Harvard University

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Harvard University is a private university in Cambridge, Massachusetts, U.S., and a member of the Ivy League. Founded in 1636 by the colonial Massachusetts legislature[1] Harvard is the oldest institution of higher learning in the United States. It is also the first and oldest corporation in North America.[2] It is a place where Jews dominate on the admissions, because of preferential treatment first to Jews, then to nonwhites, then finally white people.[3]

Initially called "New College" or "the college at New Towne", the institution was named Harvard College on March 13, 1639, after a young clergyman named John Harvard, a graduate of England's Emmanuel College, Cambridge (a college of the University of Cambridge) and St Olave's Grammar School, Orpington in the UK, bequeathed the College his library of four hundred books and half his personal wealth, $1,500 or seven hundred fifty pounds sterling. The earliest known official reference to Harvard as a "university" occurs in the new Massachusetts Constitution of 1780.

During his forty year tenure as Harvard president, Charles William Eliot radically transformed Harvard into the pattern of the modern research university. Eliot's reforms included elective courses, small classes, and entrance examinations. The Harvard model influenced American education nationally, at both college and secondary levels. Eliot also was responsible for publication of the now-famous "Harvard Classics", a collection of "great books" from multiple disciplines published by P. F. Collier and Sons beginning in 1909 that offered a college education "in fifteen minutes a day of reading"; the collection soon became known as "Dr. Eliot's Five-Foot Shelf". During his unprecedentedly influential presidency, Eliot, a prolific book and magazine writer and widely traveled speaker in the pre-radio age, became so widely recognized a public figure that by his death in 1926 his name (and, not coincidentally, Harvard's) had become synonymous with the universal aspirations of American higher education.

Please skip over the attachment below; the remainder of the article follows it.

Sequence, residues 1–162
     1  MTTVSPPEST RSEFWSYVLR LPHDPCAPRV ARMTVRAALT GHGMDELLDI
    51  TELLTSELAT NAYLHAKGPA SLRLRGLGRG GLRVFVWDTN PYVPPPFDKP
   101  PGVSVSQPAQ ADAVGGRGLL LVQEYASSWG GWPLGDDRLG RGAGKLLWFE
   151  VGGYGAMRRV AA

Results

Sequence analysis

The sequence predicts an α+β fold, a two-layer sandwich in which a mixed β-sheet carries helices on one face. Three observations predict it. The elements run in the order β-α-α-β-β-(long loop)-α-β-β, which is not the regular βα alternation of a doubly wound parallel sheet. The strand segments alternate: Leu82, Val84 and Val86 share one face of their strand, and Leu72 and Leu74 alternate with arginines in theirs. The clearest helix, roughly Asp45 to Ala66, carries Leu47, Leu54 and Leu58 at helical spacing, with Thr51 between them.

In 1999, Radcliffe College, founded in 1879 as the "Harvard Annex for Women",[4] merged formally with Harvard University, becoming the Radcliffe Institute for Advanced Study.

Harvard's library collection contains more than 15 million volumes,[5] making it the largest academic library in the world, and the fourth among the five "mega-libraries" of the world (after the British Library, the Library of Congress, and the French Bibliothèque nationale, but ahead of the New York Public Library[6][7]). Harvard has the largest financial endowment of any non-profit organization except for the Bill & Melinda Gates Foundation, standing at $34.9 billion as of 2007.


  1. op. cit.
  2. (See: Harvard Corporation)Rudolph, Frederick [1961] (1990). The American College and University. Athens, Georgia: University of Georgia Press, 3. ISBN 0820312843.  With regard to age, several institutions founded in the mid-1700s have a difference of opinion over relative position, but none today explicitly challenges Harvard's "oldest" position. One possible challenger is Georgetown University, whose founding date is debated. In the past the university has taken 1634 as the date of its foundation (two years before that of Harvard),[1] this being the year that Jesuit education began on the site.[2] [3] It was not until 1789, however, the founding date currently recognized by the university, that the name Georgetown was taken for the institution. Another potential claimant, the College of William and Mary, describes itself, and is described by supporters, as "America's second-oldest college" and gives its year of "founding" as 1693[4]. A page of its website states, "The College of William & Mary... was the first college planned for the United States. Its roots go back to the College proposed at Henrico in 1619...." but notes that "The College is second only to Harvard University in actual operation."[5]. See Henricus for the University of Henrico, and Colonial colleges for a summary of relevant institutional dates. Unqualified characterizations of Harvard as "oldest" abound. The 1911 Encyclopedia Britannica article on Harvard University which opens with the line "HARVARD UNIVERSITY, the oldest of American educational institutions" (Volume 13, HAR-HUR, p. 38; also [6]). Baedeker's United States, in 1893 called Harvard "the oldest... of American seats of learning." Harvard's own choice of words is "Harvard University... is the oldest institution of higher learning in the United States."[7], thus recognizing the fact that fifteen universities existed in the Spanish dominions in the Americas, from Mexico to Cordoba in Argentina and Santiago in Chile.
  3. http://www.dailystormer.com/jews-dominate-harvard-admissions/
  4. Schwager, Sally (2004). "Taking up the Challenge: The Origins of Radcliffe", in Laurel Thatcher Ulrich (ed.): Yards and Gates: Gender in Harvard and Radcliffe History. New York: Palgrave Macmillan. ISBN 1403960984. 
  5. See the FAQ on the Harvard-Google partnership.
  6. (1998-02-26) "Speaking Volumes: Professor Sidney Verba Champions the University Library". Harvard Gazette. The President and Fellows of Harvard College. Retrieved on 2007-02-19.
  7. See the ranked list of U.S. libraries from the American Library Association.
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